ALEXANDRIA, VA (Oct. 7, 1998) -- Both TMF Jeff and I hate to pay fees. I'm of the ilk which will walk five or six blocks out of my way to use my own bank's automated teller machine in order to avoid being charged a user fee at a rival bank's ATM. Hey, those $1 service fees add up! In my opinion, that $1 is lost forever, never to take part in the wonders of compounding returns by being invested in a well-chosen DRP. Besides, walking is good for you.
Jeff, on the other hand, has made it well known in this space that he's not happy with the new DRP fee structure that Drip Port holding Campbell Soup (NYSE: CPB) has chosen to implement. A good portion of our recent discussion with James Volpe of First Chicago centered on the topic of DRP fees, and the bite they take out of loyal investors' wallets. However, I would like to address the flip side of the problem and talk a little about what DRP investors can do to save the companies they are investing in some money.
Probably the number one way to save a company money as a shareholder is to not receive the hefty (and costly) annual report. Before you flame me for this idea, though, allow my to say that I think annual reports are wonderful things. In fact, it's pretty unFoolish to invest in any company without first setting aside a few hours (or days) to review that company's latest rundown of the year that was. But this being the age of the Internet, many companies now offer an online version of their annual report, which is a much better deal for themselves and for their shareholders.
As Peter Lynch once said, "All else being equal, invest in the company with the fewest color photographs in the annual report." By offering its annual report on its website, companies can do Mr. Lynch one better by not only cutting out the frivolous and costly photos, but also the glossy paper and even the costs of bulk mailing an updated three pound tome all over the country every year. Sure the reports make great table leg-stabilizers and impromptu booster seats for the kids. But wouldn't it be simpler for investors to get the same information from the company's website rather than having a printed copy jammed into their already junk mail-stuffed mailboxes every 12 months?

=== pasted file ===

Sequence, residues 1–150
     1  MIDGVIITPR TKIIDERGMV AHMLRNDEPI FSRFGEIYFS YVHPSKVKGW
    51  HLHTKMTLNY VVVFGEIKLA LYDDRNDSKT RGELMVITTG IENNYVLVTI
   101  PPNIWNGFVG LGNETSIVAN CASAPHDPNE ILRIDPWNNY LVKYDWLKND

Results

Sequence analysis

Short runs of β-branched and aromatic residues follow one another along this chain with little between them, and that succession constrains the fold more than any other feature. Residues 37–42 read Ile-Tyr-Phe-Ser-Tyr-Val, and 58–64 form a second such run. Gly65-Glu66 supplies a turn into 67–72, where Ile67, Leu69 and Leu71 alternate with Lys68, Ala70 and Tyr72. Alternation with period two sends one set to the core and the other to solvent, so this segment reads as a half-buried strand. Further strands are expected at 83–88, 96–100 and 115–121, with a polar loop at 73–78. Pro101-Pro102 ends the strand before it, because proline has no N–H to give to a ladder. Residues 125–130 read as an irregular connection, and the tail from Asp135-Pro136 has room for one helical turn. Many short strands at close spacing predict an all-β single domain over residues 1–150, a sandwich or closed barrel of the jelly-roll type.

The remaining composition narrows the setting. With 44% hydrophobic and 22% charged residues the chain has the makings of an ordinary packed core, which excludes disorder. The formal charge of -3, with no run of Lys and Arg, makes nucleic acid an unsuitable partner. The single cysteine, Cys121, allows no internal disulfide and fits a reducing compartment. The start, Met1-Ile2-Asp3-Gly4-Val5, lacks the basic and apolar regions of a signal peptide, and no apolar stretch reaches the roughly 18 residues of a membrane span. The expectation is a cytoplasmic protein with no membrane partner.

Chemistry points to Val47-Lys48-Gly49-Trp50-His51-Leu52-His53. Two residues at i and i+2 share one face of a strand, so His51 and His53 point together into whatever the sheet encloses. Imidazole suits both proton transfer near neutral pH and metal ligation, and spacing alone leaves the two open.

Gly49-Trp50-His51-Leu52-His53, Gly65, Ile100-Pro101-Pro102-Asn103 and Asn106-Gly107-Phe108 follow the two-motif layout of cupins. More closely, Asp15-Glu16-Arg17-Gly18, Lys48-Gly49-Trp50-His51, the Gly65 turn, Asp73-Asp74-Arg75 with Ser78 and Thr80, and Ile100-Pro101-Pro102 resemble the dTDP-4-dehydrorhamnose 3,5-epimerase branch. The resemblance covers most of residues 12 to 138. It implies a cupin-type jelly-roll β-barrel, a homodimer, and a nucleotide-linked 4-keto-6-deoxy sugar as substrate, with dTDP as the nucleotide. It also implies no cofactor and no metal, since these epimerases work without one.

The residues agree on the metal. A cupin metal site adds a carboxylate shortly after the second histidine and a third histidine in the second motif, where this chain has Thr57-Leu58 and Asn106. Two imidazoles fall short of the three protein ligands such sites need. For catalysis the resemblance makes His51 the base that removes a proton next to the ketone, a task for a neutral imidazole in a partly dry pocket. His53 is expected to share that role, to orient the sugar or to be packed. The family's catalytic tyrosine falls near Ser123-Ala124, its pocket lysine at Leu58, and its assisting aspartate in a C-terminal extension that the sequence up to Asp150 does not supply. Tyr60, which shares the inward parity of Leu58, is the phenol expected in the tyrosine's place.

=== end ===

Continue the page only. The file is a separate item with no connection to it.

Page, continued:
This may sound silly or quaint, but the expenses associated with sending out annual reports to thousands of shareholders every year can add up quickly. As Mr. Volpe told us during our talk, "Annual reports are probably one of the most expensive things for a company. The actual cost of the report itself can range between $1.50 and $10, depending upon what kind of paper or printing or postage is used." And mailing it usually costs $3.00 per copy. Why not save your company a few bucks if you can? Remember, you are an owner of the business, after all.
So if you have access to a computer (and I'm assuming you do, since you're reading this column), save your company some dough by not receiving the annual report. Call the firm's cheerful investor relations representative and ask them how you can get off the mailing list. If they give you the run-around, tell them you are simply being a responsible business owner and are merely looking out for the firm's best interests. If they still refuse to remove your name from the mailing list, tell them that as an owner of the business, you will do everything in your power to have them fired. That should increase the likelihood that you will be removed from the mailing list.
In all seriousness, an even better solution is this: In many cases, companies are now asking you if you'd be happy reading the annual report online. Fill out the card answering "Yes" (or go the company's specified website page and register there), and it's as easy as that.
Another way business owners can help cut costs is to use the online features that several companies are implementing for their DRPs. These new features will enable DRP-pers to not only keep track of their investments online but also to buy or sell shares and take part in proxy votes and other shareholder-related functions by computer. As simple as these features may seem, they were created with the goal of cutting costs in mind. But they won't cut any costs if no one uses them.
Yesterday, Jeff listed in a "Fool exclusive" many companies that are beginning to offer DRP account information online. (For the offerings from yesterday's list of companies, including Johnson & Johnson, go to http://gateway.fctc.com.) If your company is behind the curve on this trend, make some telephone calls or send some e-mails to the powers-that-be explaining why these online features would be a smart and efficient way to communicate with cost-attentive DRP-pers such as yourself. If they hem-and-haw, refer to the handy tips above on how to get yourself removed from the firm's mailing list.
As Mr. Volpe told Jeff and me on Monday, "If investors utilize these services a little smarter, that's going to lower the costs to the company over the long-term. As an owner of the company it lowers your own cost, and that's paid back to you in better returns, better dividends, and a better stock price."